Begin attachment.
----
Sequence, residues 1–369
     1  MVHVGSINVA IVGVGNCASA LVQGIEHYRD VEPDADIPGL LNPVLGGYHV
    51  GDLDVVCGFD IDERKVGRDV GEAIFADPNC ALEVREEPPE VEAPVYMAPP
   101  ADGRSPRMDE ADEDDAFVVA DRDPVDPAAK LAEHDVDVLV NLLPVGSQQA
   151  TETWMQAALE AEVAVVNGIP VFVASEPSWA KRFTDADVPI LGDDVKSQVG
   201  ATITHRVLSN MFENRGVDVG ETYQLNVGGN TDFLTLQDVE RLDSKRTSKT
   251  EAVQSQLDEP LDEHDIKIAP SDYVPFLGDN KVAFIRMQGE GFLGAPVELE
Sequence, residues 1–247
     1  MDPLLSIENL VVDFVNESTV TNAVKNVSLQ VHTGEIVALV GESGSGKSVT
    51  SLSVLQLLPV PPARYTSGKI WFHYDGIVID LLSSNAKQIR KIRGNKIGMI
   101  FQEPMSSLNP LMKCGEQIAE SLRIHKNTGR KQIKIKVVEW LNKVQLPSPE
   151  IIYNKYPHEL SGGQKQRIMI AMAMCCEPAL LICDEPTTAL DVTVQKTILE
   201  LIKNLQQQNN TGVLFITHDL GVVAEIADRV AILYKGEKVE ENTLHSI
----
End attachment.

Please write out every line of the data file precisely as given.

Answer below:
Sequence, residues 1–369
     1  MVHVGSINVA IVGVGNCASA LVQGIEHYRD VEPDADIPGL LNPVLGGYHV
    51  GDLDVVCGFD IDERKVGRDV GEAIFADPNC ALEVREEPPE VEAPVYMAPP
   101  ADGRSPRMDE ADEDDAFVVA DRDPVDPAAK LAEHDVDVLV NLLPVGSQQA
   151  TETWMQAALE AEVAVVNGIP VFVASEPSWA KRFTDADVPI LGDDVKSQVG
   201  ATITHRVLSN MFENRGVDVG ETYQLNVGGN TDFLTLQDVE RLDSKRTSKT
   251  EAVQSQLDEP LDEHDIKIAP SDYVPFLGDN KVAFIRMQGE GFLGAPVELE
Sequence, residues 1–247
     1  MDPLLSIENL VVDFVNESTV TNAVKNVSLQ VHTGEIVALV GESGSGKSVT
    51  SLSVLQLLPV PPARYTSGKI WFHYDGIVID LLSSNAKQIR KIRGNKIGMI
   101  FQEPMSSLNP LMKCGEQIAE SLRIHKNTGR KQIKIKVVEW LNKVQLPSPE
   151  IIYNKYPHEL SGGQKQRIMI AMAMCCEPAL LICDEPTTAL DVTVQKTILE
   201  LIKNLQQQNN TGVLFITHDL GVVAEIADRV AILYKGEKVE ENTLHSI